Rebellion in Chiapas: An Historical Reader
by John Womack Jr.
New Press, 372 pp., $17.95 (paper)
Marcos: La genial impostura
by Bertrand De la Grange, by Maité Rico
Mexico City: Editorial Aguilar, 472 pp., 104 pesos
Religión, política y guerrilla en Las Cañadas de la Selva Lacandona
by Maria del Carmen Legorreta Díaz
Mexico City: Editorial Cal y arena, 333 pp., 91 pesos
Four days after the Zapatista uprising on New Year’s Day 1994 in the impoverished state of Chiapas, a reporter interviewed one of its peasant soldiers, a prisoner of the Mexican army, and asked why he was fighting. “I want there to be democracy, no more inequality,” he said. “I am looking for a life worth living, liberation, just like God says.” John Womack Jr. uses these words as the epigraph to his book Rebellion in Chiapas: An Historical Reader.
The speaker was José Pérez Méndez, a Mayan peasant like all the common soldiers of the Zapatista Army of National Liberation (the EZLN), and his statement conveys much of the impetus of the rebellion, whose leaders were not Mayan chiapanecos but urban university graduates, like Subcomandante Marcos himself. They had been planning the uprising for ten years, with the original intention of establishing a guerrilla foco (center) in Chiapas, in territory under their control, from which they hoped a revolution could spread. But the rebellion became something quite different: an event and a movement that could go nowhere militarily but have received extraordinary national and international attention. Now, more than five years later, the eventual fate of Zapatismo is still uncertain, and Mexico will enter the year 2000 with the as yet unresolved problem of, in the words of the Mexican intellectual Gabriel Zaid, “the first postmodern guerrilla war.”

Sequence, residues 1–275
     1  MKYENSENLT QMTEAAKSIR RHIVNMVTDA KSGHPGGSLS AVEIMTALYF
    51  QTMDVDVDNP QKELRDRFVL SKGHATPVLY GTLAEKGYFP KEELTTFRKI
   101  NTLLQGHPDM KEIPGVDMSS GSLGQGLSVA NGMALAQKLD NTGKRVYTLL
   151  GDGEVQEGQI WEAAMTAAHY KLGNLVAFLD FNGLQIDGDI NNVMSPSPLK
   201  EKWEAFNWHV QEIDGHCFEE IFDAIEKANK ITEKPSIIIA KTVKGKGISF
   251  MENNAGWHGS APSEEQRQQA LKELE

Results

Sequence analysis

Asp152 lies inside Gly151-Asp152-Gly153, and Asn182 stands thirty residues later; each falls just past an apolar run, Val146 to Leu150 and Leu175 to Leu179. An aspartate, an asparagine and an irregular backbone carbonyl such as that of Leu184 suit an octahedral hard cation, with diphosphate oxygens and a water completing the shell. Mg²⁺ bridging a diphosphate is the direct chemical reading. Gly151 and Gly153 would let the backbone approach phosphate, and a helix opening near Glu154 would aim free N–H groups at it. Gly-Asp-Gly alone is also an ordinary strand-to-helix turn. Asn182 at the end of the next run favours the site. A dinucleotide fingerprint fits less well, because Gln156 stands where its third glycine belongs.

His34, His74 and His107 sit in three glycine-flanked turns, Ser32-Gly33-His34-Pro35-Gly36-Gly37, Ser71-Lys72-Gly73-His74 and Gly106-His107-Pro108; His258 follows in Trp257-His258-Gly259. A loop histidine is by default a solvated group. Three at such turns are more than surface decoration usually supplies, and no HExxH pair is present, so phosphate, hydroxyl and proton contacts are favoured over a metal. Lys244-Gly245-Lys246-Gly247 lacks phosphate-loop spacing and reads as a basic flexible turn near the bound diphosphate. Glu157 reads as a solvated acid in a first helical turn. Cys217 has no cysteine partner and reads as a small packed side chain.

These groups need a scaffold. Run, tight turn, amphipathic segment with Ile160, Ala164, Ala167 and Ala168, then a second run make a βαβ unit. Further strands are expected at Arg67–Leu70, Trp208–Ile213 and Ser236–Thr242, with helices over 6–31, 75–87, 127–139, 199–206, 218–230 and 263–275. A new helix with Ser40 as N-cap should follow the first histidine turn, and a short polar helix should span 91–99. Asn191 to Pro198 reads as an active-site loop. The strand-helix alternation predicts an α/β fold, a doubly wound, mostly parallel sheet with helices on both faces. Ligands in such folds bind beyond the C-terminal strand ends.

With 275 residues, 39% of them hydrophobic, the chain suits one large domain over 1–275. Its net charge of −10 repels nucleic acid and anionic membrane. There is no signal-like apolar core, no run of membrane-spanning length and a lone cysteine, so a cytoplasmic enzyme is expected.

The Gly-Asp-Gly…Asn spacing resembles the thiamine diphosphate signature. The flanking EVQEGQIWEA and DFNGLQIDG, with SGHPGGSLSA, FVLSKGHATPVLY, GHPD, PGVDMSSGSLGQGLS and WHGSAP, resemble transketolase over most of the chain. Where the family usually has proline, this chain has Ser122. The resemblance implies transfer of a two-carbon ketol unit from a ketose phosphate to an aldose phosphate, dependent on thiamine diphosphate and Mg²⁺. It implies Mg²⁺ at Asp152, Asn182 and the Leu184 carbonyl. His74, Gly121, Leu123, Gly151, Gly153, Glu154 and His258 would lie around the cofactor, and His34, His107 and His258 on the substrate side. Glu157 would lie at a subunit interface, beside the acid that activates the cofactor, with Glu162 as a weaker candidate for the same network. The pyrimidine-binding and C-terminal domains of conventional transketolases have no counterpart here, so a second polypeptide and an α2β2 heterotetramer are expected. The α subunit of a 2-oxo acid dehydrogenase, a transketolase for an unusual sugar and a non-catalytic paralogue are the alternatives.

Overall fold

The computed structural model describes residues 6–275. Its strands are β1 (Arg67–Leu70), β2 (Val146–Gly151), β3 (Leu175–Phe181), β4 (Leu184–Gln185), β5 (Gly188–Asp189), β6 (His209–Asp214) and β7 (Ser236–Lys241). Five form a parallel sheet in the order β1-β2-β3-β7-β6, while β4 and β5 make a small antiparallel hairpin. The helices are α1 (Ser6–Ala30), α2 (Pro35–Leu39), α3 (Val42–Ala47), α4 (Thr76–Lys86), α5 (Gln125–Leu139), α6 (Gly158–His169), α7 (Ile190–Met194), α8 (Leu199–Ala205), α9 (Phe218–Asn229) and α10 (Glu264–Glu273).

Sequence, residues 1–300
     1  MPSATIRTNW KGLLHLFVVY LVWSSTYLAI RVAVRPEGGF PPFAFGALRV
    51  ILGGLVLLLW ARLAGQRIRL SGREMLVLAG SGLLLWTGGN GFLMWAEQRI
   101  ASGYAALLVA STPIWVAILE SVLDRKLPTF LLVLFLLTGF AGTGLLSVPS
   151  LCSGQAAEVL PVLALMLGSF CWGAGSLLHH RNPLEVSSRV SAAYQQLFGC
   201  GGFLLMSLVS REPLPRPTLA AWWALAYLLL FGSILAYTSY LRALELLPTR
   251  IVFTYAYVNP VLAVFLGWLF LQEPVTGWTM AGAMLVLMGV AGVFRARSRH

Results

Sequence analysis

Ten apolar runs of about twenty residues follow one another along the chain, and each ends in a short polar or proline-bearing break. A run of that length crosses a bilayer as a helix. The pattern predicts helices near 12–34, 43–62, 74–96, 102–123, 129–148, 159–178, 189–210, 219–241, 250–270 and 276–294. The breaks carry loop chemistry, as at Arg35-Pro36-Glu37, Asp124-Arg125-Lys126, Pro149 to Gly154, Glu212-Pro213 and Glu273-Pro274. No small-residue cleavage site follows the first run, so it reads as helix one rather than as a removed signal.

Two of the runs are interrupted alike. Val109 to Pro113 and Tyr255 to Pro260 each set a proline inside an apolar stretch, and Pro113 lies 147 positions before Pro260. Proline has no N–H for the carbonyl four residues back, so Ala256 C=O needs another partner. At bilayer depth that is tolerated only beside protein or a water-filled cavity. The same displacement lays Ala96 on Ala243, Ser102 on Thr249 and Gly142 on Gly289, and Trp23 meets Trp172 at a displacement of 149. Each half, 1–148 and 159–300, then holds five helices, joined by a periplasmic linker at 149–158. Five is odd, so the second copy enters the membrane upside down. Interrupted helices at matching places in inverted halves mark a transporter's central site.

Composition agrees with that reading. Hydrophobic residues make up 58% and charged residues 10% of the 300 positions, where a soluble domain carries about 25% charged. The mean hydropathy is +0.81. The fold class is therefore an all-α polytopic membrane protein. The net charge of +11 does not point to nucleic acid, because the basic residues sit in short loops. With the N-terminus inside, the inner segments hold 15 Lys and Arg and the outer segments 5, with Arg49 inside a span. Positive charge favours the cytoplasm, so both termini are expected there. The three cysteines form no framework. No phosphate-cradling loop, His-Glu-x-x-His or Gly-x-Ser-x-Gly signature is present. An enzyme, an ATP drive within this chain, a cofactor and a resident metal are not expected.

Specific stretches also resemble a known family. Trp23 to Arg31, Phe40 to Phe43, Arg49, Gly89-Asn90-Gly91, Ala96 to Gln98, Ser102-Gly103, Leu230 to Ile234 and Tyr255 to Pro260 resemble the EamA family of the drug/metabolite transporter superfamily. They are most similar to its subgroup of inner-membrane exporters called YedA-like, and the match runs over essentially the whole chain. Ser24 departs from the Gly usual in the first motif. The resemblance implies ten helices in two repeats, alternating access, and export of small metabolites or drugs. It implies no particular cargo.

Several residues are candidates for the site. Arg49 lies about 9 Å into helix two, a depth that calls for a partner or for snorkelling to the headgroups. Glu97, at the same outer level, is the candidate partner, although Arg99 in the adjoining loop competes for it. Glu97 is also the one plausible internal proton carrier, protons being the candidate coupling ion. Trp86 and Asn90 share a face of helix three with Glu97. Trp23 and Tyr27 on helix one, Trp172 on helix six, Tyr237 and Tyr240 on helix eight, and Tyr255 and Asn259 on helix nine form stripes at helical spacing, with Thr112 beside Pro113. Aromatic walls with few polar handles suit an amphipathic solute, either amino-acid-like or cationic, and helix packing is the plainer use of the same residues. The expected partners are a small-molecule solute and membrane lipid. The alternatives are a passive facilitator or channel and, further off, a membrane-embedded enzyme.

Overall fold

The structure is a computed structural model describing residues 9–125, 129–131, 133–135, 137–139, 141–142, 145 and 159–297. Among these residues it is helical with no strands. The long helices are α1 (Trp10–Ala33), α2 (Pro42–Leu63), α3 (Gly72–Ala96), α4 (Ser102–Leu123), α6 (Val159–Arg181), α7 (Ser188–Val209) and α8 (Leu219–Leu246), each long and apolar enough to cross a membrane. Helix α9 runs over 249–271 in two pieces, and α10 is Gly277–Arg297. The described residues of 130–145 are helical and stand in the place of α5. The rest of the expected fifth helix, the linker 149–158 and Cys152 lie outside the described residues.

The Zapatista soldier José Pérez Méndez had good reason to want democracy. For the Partido Revolucionario Institucional (PRI), which has governed Mexico uninterruptedly for seventy years, the “backward” state of Chiapas was a secure reserve of votes in national elections, giving the PRI, on average, 97 percent of the ballots. The “electoral victory” was engineered through efficient methods of fraud: vote buying, false ballots substituted for the real thing in areas where the government party felt threatened, and strong pressure from powerful local interests to “vote the right way.” The machinery of the corporate state had links with all levels of power in Chiapas, from the Indian caciques, or political bosses, of small villages and communities all the way up to the dominant class—the owners of the coffee plantations and the cattle ranches, the lumber barons operating in the tropical forests, and other financial interests.
Pérez Méndez was one of many thousands protesting against the extreme social inequality in Chiapas. The state has immense natural resources. As of 1994 it was the primary producer of coffee, cattle, and cacao in Mexico, third in hydroelectric power, fourth in natural gas resources. And yet of its population of 3.7 million as of 1994 (of which 27 percent are Indian, divided among four major groups of ethnic Mayans), 50 percent were undernourished, 75 percent earned less than the Mexican minimum wage (then defined as 1,500 US dollars per year), and 56 percent were illiterate. In Los Altos (“The Heights”) and the Lacandón Forest—centers of Zapatismo—the conditions were even worse, intensified by a population density of seventy-six inhabitants per square …